I had an interesting conversation the other night with a man I met at an event. We were talking about an uncomfortable truth—the fact that, no matter how inspired and motivated you may feel about what you do for a living, after a while it tends to start feeling like, well, work. That is, you start subtly resenting and resisting the tasks your career requires, as if someone else were forcing you to do them, and start getting distracted by fantasies about what you’d rather be doing.
The man I was talking to was having this experience in his career. For several years, he worked at a large, prestigious investment bank. Eventually, however, he started feeling burned out and uninspired, and quit to start his own company. The firm he started did “environmental investing,” investing in businesses involved in energy-saving technology. But after a few years, he said, his job started to feel like “work” again, and he’s now pondering possible exit strategies.
A certain amount of this kind of feeling is probably inevitable. Every career involves some mundane tasks, like paying bills, making phone calls, and buying furniture, that it’s hard to feel thrilled about doing. However, I’ve found that, if we have the right mindset, even these responsibilities don’t need to feel as burdensome as they often do.
I’ve come to recognize that our work starts to feel stifling and oppressive when we become too identified with the role we play in it. When we start feeling as if our careers are part of who we are, we become consumed by constant fear of performing badly in what we do—as if we could lose part of ourselves by making a mistake. Ironically, taking our work this seriously has us lose our drive and productivity. I came to this realization when I saw the difference between my experience of activities I considered “work” and those I thought of as “play.”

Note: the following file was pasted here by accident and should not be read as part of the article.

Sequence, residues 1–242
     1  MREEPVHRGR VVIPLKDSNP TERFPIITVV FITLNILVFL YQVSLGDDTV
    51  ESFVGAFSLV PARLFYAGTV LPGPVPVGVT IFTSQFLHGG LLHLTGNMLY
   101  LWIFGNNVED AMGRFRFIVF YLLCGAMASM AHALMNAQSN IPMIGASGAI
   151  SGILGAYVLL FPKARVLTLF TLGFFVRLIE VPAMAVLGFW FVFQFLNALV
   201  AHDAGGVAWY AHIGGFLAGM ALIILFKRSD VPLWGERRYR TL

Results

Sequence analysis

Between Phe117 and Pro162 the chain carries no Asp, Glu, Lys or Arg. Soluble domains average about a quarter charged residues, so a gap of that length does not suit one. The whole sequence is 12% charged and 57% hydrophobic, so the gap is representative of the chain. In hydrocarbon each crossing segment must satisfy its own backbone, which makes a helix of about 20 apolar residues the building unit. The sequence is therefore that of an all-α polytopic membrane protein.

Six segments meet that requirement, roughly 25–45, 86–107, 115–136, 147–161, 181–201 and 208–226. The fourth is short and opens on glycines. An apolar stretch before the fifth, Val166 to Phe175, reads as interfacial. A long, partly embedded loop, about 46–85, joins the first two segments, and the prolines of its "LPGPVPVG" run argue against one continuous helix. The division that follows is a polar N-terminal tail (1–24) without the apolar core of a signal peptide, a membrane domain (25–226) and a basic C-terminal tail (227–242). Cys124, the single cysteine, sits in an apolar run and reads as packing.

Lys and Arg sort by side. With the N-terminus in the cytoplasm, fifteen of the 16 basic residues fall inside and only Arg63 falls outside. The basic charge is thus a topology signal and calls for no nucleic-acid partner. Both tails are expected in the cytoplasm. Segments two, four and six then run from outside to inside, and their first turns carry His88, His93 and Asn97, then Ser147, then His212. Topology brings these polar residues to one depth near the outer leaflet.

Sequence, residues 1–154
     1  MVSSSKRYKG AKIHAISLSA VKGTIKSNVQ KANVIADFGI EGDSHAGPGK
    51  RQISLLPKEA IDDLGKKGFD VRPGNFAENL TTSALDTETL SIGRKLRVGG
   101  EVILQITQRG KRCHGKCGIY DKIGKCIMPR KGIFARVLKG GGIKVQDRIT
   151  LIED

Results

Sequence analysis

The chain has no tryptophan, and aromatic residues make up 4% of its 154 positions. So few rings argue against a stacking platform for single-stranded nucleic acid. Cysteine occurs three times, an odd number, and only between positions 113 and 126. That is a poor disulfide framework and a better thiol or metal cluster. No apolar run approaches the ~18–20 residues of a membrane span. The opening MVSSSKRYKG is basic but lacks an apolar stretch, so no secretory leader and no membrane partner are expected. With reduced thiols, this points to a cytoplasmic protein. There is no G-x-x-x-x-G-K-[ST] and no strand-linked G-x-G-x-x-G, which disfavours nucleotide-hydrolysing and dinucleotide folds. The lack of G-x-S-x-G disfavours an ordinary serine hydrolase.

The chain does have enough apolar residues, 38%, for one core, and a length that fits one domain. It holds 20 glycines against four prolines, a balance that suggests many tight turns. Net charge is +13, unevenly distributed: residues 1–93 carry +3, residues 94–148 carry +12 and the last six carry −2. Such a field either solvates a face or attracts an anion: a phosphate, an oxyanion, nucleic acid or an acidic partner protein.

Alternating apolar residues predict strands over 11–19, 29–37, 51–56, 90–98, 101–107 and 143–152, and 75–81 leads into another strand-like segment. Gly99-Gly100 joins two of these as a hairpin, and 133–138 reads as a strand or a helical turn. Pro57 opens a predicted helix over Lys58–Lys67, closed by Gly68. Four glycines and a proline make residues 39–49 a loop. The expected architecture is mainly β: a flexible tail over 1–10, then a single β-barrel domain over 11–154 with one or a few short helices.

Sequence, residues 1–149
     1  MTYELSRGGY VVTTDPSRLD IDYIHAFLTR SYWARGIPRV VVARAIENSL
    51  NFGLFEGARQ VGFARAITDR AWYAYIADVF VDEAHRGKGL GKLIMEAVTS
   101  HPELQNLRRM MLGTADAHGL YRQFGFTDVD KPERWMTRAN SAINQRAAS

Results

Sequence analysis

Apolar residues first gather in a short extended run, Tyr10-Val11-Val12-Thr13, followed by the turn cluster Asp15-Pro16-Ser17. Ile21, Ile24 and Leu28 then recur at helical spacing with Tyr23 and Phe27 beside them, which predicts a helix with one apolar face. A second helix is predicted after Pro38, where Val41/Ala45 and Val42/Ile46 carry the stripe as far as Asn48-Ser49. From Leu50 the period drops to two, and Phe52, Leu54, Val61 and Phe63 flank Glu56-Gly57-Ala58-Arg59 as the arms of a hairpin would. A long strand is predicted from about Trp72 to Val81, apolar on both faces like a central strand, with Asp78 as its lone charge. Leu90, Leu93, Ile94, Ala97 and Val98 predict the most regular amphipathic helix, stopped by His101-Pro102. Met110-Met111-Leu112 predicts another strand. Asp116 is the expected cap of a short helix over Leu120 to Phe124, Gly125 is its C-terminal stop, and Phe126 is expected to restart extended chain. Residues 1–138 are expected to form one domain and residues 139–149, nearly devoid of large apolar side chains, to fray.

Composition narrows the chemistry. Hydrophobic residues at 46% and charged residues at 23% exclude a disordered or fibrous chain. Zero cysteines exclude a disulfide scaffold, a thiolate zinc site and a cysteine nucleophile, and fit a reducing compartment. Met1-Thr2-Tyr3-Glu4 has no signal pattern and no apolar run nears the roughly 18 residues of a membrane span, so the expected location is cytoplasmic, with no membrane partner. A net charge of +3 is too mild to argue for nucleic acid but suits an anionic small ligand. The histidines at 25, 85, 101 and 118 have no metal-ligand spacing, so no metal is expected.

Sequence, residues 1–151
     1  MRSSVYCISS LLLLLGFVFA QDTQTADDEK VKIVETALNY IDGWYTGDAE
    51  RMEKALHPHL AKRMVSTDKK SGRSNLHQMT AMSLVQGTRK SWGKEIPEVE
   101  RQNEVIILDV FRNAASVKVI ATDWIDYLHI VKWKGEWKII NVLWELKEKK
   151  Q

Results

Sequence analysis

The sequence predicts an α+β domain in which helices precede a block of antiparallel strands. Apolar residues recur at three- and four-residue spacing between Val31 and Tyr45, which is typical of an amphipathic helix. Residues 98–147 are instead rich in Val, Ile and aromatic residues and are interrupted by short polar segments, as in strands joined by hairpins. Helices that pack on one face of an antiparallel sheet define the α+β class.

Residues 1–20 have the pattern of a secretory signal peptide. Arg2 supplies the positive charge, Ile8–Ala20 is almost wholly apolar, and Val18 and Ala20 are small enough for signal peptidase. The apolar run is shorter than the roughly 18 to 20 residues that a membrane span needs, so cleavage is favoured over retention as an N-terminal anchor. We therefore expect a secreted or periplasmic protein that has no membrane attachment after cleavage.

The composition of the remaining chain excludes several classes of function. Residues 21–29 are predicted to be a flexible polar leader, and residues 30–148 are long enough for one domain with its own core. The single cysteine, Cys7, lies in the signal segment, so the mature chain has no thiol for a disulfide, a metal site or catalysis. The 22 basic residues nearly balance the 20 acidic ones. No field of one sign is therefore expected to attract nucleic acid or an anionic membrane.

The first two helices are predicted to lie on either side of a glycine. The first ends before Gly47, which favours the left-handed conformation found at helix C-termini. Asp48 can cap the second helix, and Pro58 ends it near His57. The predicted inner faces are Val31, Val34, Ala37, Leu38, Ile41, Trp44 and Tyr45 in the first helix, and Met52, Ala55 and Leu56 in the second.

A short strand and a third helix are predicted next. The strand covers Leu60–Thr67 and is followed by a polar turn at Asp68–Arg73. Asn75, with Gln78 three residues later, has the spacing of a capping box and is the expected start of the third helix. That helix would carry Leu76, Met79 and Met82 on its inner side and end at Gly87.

For example, I’ve written a number of published nonfiction pieces, but I’ve yet to publish any fiction I’ve done. I love writing fiction just for my own and my friends’ amusement. However, in years past, whenever I’ve tried to get my fiction work in shape for publication, I’ve suddenly become hypercritical of my writing. “How could I think people would want to read this?” I’d think as I pored over a passage I’d initially adored.
I recently recognized that, when I start thinking about publishing my fiction, a subtle shift actually takes place in the way I think about myself. I start seeing myself not simply as a guy who has fun writing fiction, but as a fiction writer. When I become identified with being a fiction writer, I get overly concerned about the quality of my writing and how it will be perceived. In other words, I start needing to “live up” to the role of fiction writer, and holding my work to an accordingly exacting standard. Not surprisingly, in these moments, “writer’s block” sets in, and I find myself agonizing over every word choice and making little progress.
By contrast, when I choose to sit down and write “just for fun,” I’m amazed by how productive and inspired I am. When I’m not concerned with how well I’m playing some important role, and I’m content to be “just a guy who likes writing fiction,” I unquestionably do my best work.
Spiritual teachers have long recognized the danger of becoming identified with a career or other function we perform in life. As Osho writes in Zen: The Path of Paradox, taking the roles we play in life too seriously can strip the joy from what we do: